When Daniel Day Lewis was preparing for Phantom Thread, he studied 1940s and 1950s designers and their work. He took up sewing and he studied everything, as he always did for his roles. He became obsessed with a vintage Balenciaga dress and he spent weeks or months trying to reverse engineer it, using his wife as a model. He even visited the Balenciaga archives to study the construction of the dress and all of that. I bring this up because Ewan McGregor is playing Halston, the famous designer from the 1970s and ‘80s. Ewan also had to do similar research for the role, including learning how to sew by hand and by machine. He had to learn how to pin and tailor and drape and he had to learn how to look like he’d been doing it for decades.
On most film and TV productions, a costume designer is primarily responsible for creating all the outfits seen onscreen. But while crafting the wardrobe for Netflix’s “Halston,” Jeriana San Juan also pulled double duty as tutor, teaching Ewan McGregor how to convincingly sew, drape and pin so he could do the ’70s fashion legend justice.
“I sent a sewing machine to his hotel room so that he could practice in his free time — he requested it, I didn’t force it on him! — but I just loved how interested he really was in being able to do it correctly,” San Juan told Page Six Style. That gift certainly wound up coming in handy when the Ryan Murphy show’s production shut down in March 2020 due to the COVID-19 pandemic, sending the entire cast into quarantine. “Halfway through [the shutdown], he sent me an image of some amazing trousers he had made. I was almost in tears,” the New York-based costume designer recalled. “My student had graduated on his own.”
To help the 50-year-old Scottish actor nail what she calls “the design choreography” once filming resumed, San Juan built designated “rehearsal time” into each of their fittings, so that he could watch her at work and then mimic those exact moves.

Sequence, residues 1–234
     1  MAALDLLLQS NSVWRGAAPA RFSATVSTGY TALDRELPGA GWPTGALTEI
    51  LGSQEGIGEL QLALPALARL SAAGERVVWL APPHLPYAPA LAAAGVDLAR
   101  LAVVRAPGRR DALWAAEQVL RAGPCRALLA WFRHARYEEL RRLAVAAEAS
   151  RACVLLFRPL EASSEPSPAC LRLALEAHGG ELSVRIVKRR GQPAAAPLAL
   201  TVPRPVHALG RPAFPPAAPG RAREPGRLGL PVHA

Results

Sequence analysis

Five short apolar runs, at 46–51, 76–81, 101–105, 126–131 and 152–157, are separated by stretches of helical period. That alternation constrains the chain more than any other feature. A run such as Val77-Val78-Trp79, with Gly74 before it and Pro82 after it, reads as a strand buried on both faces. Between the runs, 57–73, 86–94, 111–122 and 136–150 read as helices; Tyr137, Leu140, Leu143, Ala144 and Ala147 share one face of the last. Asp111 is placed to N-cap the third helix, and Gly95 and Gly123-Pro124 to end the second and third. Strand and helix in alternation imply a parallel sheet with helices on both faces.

“There is a muscle memory thing that is really hard to replicate when you’re talking about a designer or a tailor who works with pins and scissors and measuring tapes all the time; that he really had to learn,” San Juan explained. “And he honestly did not get that much time, because he was in every scene!”
Adding to the challenge was the fact that Halston’s effortlessly sexy bias-cut gowns and flowing caftans were actually a major technical feat. “That level of sophisticated simplicity is a really hard thing to capture,” the costume designer said of the late fashion great’s work. “He’s sort of sculpting fabric in a way that is very difficult. These ‘simple’ clothes are quite complicated in their construction.”
San Juan also said something which fascinated me, which was something like 90% of the “Halston clothing” you see on the screen had to be made from scratch, because Halston’s archives were dismantled decades ago. The production was able to borrow some pieces from collectors and other costumers, but basically they just had to recreate so much of what’s seen.
As for Ewan learning how to sew… I’m a throwback, but I believe all boys and girls should know some sewing basics. I would imagine that Ewan had the patience and, frankly, the natural talent and eye, to be able to pick up Halston-level sewing skills. Still, to my knowledge, Daniel Day Lewis is the only one who successfully reverse engineered a vintage Balenciaga, so DDL gets the win.
Photos courtesy of Netflix.